I came across this small building in one of the speciality gardens at Rounddhay Park. I had the SMC Pentax-F 17-28mm Fisheye Zoom on the Pentax K-1 full frame DSLR and decided to see what effects I could dial in to make, perhaps, this quirky building even more quirky.
Natural. This is my usual setting.
Of course, the parameters can be changed for all of these settings, so the amount of control possible is amazing.
As a member of a model and photographer networking website, I often look at the portfolios of people who have liked one of my pictures. And sometimes its a dispiriting experience: there are quite a lot of people who have never got past either flash on the camera or a pair of nicely balanced softboxes on either side of the camera. This is often coupled with a camera level thats a couple of inches above the models eyeline and a wide angle lens so that the model perches a large head on a tapering body and tiny feet.
However inventive the pose, however lovely the models, the photographer seems to take the same picture over and over again. And the trouble is that its never a terribly good picture. I keep wondering how to tell them that they could easily improve their pictures. But Im not sure that that actually is a way.
Now, I know perfectly well that my own pictures rely on a number of tried and tested setups, technical tricks, and types of processing. In a sense, the only differences are but I have several of these, and that I avoid the basic mistake of shooting everything from the same viewpoint.
I keep meaning to shoot an example or two, but its so ingrained in my mind to avoid doing that Similarly, its thoroughly ingrained that I should avoid terribly even lighting on subjects and background, in the way that I see in so many of these shots. A couple of nice shadows on either side of the subject completes the picture, and its not a very pretty one.
So my suggestion for the day is to look at what you did in your last set of pictures, and see if there is something that you just do too often and without thinking.
Thank heavens for SatNavs, the one and only way to defeat the Mangled Machinations of the road designers in Leeds…..after a not impossible journey we arrived at Roudhay Park, more specifically at Tropical World, with Granddaughter Amelia in tow. We knew it would be hot in the glasshouses from last time, but it didn’t actually seem that bad, perhaps we have become used to the heat these past few days. Stock levels of butterflies and birds were a bit low, but no doubt that is because of the pandemic closure. However, it was all good and Amelia enjoyed it all and we managed to shoot some images. I was using the Pentax K-1 full frame DSLR with the HD Pentax-D FA 28-105mm WR lens. So first some images from Tropical World:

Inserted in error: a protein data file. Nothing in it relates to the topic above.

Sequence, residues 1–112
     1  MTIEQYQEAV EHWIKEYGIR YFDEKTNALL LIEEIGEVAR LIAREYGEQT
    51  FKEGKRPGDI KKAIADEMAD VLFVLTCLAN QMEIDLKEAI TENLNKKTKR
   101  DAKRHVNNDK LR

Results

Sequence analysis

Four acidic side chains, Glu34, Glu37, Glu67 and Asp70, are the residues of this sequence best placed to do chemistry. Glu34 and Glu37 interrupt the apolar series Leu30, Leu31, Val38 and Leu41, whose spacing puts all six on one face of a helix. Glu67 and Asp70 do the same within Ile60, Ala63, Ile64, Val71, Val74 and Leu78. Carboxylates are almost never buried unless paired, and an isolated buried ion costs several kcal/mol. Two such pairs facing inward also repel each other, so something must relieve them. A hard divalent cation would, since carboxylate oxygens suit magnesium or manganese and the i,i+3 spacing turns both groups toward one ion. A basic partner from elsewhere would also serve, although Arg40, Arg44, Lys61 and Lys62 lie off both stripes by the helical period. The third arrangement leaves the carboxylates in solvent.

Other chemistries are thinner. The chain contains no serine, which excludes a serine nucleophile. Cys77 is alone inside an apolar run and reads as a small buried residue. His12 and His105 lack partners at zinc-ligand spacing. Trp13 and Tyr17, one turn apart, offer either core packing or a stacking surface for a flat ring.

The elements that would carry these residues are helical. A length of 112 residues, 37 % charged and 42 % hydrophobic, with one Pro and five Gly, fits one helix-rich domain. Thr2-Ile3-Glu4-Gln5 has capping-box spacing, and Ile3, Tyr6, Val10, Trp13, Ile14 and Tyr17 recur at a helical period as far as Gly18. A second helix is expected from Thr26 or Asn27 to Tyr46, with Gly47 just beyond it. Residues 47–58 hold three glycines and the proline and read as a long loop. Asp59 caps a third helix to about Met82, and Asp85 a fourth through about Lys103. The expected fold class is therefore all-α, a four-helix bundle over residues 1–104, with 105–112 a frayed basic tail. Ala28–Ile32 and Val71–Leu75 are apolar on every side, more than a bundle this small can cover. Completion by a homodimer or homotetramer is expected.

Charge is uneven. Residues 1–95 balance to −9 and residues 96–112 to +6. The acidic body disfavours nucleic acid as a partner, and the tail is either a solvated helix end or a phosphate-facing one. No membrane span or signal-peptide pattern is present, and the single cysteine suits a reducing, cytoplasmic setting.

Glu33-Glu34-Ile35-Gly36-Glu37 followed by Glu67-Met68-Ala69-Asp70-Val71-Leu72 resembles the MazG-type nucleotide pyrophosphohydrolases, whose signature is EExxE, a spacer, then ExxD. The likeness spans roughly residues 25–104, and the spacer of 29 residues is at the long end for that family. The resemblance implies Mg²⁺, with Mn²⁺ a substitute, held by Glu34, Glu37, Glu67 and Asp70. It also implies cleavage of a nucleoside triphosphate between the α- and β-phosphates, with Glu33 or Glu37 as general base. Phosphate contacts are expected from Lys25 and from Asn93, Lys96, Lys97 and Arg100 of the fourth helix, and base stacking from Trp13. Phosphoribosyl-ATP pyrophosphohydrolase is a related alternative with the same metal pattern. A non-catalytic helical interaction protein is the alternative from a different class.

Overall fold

Then we wandered up towards the Mansion, taking in the speciality gardens on the way. There were also a couple of wedding shoots going on, so I pinched a couple of quick candids as well. The kit was expanded to include the SMC Pentax-FA J 75-300mm and the SMC Pentax-F 17-28mm Fisheye Zoom. This is quite useful, being compact and a full frame fisheye at 17mm, gradually becoming more rectilinear as we approach 28mm.
This is something I have to admit I do a lot and I was wondering is others are so inclined. I will often see an image and a song, lyric or song title pops into my head. This is very much the same feeling with one liners from tv or films and I was wondering how much this has to do with the way that these have been instilled in our heads. We listening to music and if it’s something we like we often something we play over and over again. How many of use can sing every word to an old Beatles song or are they still getting no satisfaction (Rolling Stones). This repeats it self with films we watch with classics like “We will always have Paris” or I’ll never go hungry are” and Michial Caine is “Still blowing the bloody doors off”. So the question I ask is often is this the trigger for an image title, puts a music worm into your head for the rest of the day or the image is the trigger to other things…